So then why write in first person if the narration doesn’t sound like the character’s voice? What’s difficult about writing in first person is that it has to be genuine to the character. Take The Sound and the Fury, for example—when Faulkner writes from Benjy’s perspective, it’s different from Quentin’s narration. Even though Faulkner is a skilled writer, he doesn’t write as himself when he’s telling Benjy’s story—Benjy is mentally challenged and therefore doesn’t use the same vocabulary as Faulkner does, which means when Faulkner writes as Benjy, he has to demonstrate restraint and empathy, restraining himself from writing lavishly and using empathy to see the world from Benjy’s eyes.
In a follow-up essay entitled “This is a Love Story,” Tayari Jones mentions that she wrote this book three times—first, from the perspective of Celestial, which didn’t feel quite right, and a second time from the perspective of Roy, which also didn’t feel quite right. Then, she says she realized it was their story, so in the third writing, she gave all three of them a voice. While I admire her dedication to the character’s integrity, I think she should have explored the idea of a tender third person narrator, who could gently weave in and out of these tragedies.
Jones—in this novel—is trying to thoroughly illustrate the complexities of the relationships between the three main characters, lyrically detailing the contents of their hearts. In order to do this more effectively, she should have written in third person and used all the same insightful language she did through the first person narration. But if Jones really believed that she needed to tell this in alternating first person, then she should have differentiated each character’s voice and speech tendencies more drastically. The voices are just too similar as they are, and it does a disservice to her wonderful writing, the lifelike quality of the characters, and this intriguing story.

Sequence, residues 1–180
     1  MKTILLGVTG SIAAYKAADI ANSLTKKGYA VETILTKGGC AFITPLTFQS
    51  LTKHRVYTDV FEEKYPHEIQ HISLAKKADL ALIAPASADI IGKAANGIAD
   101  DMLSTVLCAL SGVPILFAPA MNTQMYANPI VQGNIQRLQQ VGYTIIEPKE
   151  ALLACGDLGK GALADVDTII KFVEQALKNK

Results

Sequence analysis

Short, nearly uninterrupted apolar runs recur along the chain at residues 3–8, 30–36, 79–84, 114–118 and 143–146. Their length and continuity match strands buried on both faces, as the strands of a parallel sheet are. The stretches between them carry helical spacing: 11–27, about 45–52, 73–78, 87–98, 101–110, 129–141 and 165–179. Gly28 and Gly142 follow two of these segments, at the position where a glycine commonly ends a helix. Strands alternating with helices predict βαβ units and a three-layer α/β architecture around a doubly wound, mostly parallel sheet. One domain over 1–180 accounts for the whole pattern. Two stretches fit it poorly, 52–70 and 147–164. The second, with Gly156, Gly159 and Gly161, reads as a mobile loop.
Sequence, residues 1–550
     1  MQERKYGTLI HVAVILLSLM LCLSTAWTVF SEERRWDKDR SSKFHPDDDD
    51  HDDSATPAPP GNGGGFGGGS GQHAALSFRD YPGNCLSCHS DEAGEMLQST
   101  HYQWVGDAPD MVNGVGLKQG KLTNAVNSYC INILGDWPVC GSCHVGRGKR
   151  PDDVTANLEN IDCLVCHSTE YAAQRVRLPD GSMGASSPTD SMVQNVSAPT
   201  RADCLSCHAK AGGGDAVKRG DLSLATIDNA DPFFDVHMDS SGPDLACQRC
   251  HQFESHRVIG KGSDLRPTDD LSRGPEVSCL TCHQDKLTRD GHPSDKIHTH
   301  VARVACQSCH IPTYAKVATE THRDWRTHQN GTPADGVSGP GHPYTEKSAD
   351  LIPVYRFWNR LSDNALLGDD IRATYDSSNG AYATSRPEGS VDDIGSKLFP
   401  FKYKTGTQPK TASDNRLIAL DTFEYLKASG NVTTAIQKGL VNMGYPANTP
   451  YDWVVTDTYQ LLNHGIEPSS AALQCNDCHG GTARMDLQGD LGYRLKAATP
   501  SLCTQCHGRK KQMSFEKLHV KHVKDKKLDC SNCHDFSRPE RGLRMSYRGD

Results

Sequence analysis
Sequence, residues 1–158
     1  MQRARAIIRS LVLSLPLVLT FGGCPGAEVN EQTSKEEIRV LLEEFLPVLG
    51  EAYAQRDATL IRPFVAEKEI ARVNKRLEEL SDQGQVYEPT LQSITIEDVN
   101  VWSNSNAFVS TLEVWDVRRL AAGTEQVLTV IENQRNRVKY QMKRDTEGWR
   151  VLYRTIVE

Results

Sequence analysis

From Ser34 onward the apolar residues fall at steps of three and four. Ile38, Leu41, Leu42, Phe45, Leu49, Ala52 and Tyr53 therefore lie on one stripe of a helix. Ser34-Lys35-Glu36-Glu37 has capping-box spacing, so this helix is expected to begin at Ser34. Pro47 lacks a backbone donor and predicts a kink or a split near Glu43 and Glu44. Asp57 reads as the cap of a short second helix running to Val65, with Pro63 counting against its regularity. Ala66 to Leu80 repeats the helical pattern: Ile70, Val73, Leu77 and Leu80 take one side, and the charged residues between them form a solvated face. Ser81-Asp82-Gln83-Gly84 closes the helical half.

Sometimes, to be a better writer, you can’t write “the best writing.” You have to write the most accurate writing to the story you’re telling.
- What was your favorite line or passage from the novel?
- Did you like the different first person perspectives? Were they easy for you to follow?
- What’s your favorite book that features multiple perspectives?
This book has three main characters and a cast of supporting characters. Jones succeeds with these characters—they are lifelike and multifaceted. But I think I may have enjoyed the supporting characters the most. Big Roy is an easy favorite for me because of how sweet and loyal he is, although all of the family characters are great because of the wisdom they’re constantly sharing. (More on this later.)
Because this novel has so many main characters—although there could be an argument made that Andre doesn’t count as a main character—this book review will break down each person’s story arc. I think it’s clear that Jones put more thought into creating Roy and Celestial, but the reader learns a lot about Andre (such as his relationship with his father Carlos) that points to his significance within the book.
Roy. From small town Eloe, Louisiana, Roy is raised by Olive and her husband Big Roy (although Big Roy is not Roy’s biological father, he accepts him as his own son). After high school, he moves to Atlanta for college, where he graduates and earns a corporate job. He is successful by all standard means—he has the house, the job, the wife—until a tragic incident and a mix-up lead to his arrest and incarceration. While he is in prison, some of his encounters are traumatic, such as when another inmate tries to stab him to death, while others are more formative, such as when “Ghetto Yoda” (AKA Roy’s biological father!! Plot twist!) gives him advice.